Mark McKinney reflects on his life as a hen on a different kind of hormone.

The Kids Grow Up 

Mark McKinney reflects on his life as a hen on a different kind of hormone.

The fowl around Mark McKinney's neck isn't an albatross. It's a chicken.

"It's hard to put on the Chicken Lady stuff and get up to that psycho pitch," says the Kids in the Hall comedian, who is also the creator of the horniest sketch character on two drumsticks. McKinney can't explain the inspiration behind the overgrown hen who likes to ride her neighborhood grocer's mechanical rocking horse to explosive ecstasy while confused children stare. But he still recognizes her popularity.

"People watch the reruns on TV and have favorite characters," McKinney says. "We totally get that and play up to it." The group's self-titled show -- which started on Canadian television, graduated to HBO and ended up briefly on CBS -- remains a constant presence on Comedy Central. McKinney and fellow Kids Dave Foley, Scott Thompson, Kevin McDonald and Bruce McCulloch had already split up by the time their show became a stabilizing force for the station. But the troupe continues to gain followers, as its members discovered when they toured the United States in 1999. (A backstage look at that tour, Same Guys, Different Dresses, is just out on DVD.)

The Kids are on the road again. "We found we had some creative life left, and we have a seminew show," McKinney says. "Some stuff we wrote [with] all of us together improvising. After [the Kids' 1996 feature] Brain Candy, we sort of disbursed. I never thought we'd come together like this again. We're five guys with different careers. Some of us have had great runs, but there's still something creative and unique about how the troupe works. Last time, we didn't have much time to plan the tour. This time, we're all on a tour bus and talking after the shows," he says. "Maybe this will lead to something."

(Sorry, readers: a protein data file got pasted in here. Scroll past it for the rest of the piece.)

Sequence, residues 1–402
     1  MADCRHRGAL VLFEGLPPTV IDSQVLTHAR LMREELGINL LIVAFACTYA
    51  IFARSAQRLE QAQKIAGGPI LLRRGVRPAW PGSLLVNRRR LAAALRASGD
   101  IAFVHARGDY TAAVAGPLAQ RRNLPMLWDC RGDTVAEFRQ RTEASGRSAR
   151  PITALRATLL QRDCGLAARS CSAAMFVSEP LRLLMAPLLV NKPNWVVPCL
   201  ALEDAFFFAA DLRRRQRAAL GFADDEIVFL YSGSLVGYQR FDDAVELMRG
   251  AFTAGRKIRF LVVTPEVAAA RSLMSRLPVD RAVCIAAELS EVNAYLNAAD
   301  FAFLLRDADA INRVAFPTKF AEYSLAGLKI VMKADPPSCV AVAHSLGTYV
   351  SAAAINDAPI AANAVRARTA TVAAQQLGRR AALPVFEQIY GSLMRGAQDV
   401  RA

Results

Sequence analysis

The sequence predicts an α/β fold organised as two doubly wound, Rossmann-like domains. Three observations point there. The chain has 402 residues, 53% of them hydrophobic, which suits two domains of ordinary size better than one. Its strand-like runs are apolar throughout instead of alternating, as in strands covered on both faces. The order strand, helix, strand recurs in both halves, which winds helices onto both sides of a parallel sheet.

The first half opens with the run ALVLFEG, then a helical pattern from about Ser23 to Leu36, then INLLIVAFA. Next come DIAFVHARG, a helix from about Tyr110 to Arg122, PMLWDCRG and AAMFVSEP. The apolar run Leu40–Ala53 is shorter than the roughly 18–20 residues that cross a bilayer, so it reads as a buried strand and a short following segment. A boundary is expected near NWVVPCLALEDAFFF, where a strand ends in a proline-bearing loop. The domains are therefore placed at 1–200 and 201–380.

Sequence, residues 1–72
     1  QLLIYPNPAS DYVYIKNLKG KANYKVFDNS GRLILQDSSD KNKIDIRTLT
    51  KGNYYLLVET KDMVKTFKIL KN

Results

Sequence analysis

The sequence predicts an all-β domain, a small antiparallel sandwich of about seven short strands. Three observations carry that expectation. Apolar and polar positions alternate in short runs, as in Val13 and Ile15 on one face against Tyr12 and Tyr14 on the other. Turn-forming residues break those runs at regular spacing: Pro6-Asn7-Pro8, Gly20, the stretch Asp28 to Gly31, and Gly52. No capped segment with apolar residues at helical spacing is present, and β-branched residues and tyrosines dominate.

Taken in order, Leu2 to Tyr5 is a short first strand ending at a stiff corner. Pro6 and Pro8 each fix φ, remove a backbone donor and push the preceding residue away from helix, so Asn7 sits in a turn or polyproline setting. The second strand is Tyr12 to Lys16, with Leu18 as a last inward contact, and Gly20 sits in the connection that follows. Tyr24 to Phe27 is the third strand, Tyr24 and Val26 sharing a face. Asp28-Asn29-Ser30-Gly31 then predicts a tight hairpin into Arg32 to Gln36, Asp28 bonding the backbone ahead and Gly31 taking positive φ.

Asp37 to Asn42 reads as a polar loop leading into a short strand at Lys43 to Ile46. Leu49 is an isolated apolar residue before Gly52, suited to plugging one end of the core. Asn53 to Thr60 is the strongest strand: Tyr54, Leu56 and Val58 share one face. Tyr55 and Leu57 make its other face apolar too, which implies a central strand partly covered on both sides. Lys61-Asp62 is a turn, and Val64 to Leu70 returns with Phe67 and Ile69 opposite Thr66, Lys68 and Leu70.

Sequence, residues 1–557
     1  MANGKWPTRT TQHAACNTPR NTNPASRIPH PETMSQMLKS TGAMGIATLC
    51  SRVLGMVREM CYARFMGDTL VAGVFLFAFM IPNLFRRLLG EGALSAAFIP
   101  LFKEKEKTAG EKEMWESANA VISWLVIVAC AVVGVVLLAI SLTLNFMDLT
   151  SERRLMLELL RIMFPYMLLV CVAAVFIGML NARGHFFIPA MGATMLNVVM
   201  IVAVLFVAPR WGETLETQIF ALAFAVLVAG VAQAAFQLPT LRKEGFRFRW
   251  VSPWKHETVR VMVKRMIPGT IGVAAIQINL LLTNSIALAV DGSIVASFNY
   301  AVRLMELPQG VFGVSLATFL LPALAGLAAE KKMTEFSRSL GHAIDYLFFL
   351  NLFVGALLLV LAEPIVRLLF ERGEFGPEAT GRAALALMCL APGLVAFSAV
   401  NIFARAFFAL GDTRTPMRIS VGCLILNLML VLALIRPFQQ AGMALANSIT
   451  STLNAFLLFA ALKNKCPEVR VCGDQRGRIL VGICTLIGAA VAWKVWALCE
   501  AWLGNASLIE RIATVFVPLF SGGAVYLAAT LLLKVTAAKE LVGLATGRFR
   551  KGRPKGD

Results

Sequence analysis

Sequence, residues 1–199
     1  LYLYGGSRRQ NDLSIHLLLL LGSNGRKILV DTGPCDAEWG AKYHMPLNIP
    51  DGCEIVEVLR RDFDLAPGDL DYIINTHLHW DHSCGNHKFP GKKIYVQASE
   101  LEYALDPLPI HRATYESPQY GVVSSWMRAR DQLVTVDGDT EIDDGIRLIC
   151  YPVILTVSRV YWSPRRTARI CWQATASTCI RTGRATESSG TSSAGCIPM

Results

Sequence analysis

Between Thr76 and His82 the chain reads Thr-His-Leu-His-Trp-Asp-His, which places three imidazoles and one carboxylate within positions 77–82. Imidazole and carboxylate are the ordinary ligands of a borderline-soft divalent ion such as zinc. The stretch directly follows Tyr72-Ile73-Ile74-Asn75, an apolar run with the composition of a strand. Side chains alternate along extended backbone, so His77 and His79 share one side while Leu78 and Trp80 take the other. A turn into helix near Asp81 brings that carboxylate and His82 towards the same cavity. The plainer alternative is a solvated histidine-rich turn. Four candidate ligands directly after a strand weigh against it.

The quintet hooked up this year after word spread that no one would be shooting a television pilot or otherwise playing the showbiz game this spring. McKinney, who won a Genie (akin to an Oscar in Canada) and a Canadian Comedy Award for his performance in the McCulloch-directed movie Dog Park, has devoted himself mostly to theater roles in New York. He will take the off-Broadway one-man play Fully Committed to Toronto after the Kids' tour and has begun the audition process for what would be his first Broadway musical.

"There's an unspoken combined professional mentoring among us," McKinney says of the Kids. "If I talk about a project in front of them, it's a subtle reality check to see how they react. It's pretension-free.

"And being a parent now, I'm able to handle the other guys' creative tantrums much better," he jokes. "You do start to consider the age thing. Not that there's anything gross or frightening about being a forty-year-old sketch comedian. But there are three diseases that afflict comedians later in life. There's the quest for dignity, that 'I won't do that anymore' thing. There's the old 'clown can cry' syndrome. And," he adds, "there's a tendency toward fascism.

"The other thing we have to guard against is a tendency to get dirty," McKinney says, adding that "Scott likes dirty, but Bruce is probably the dirtiest."

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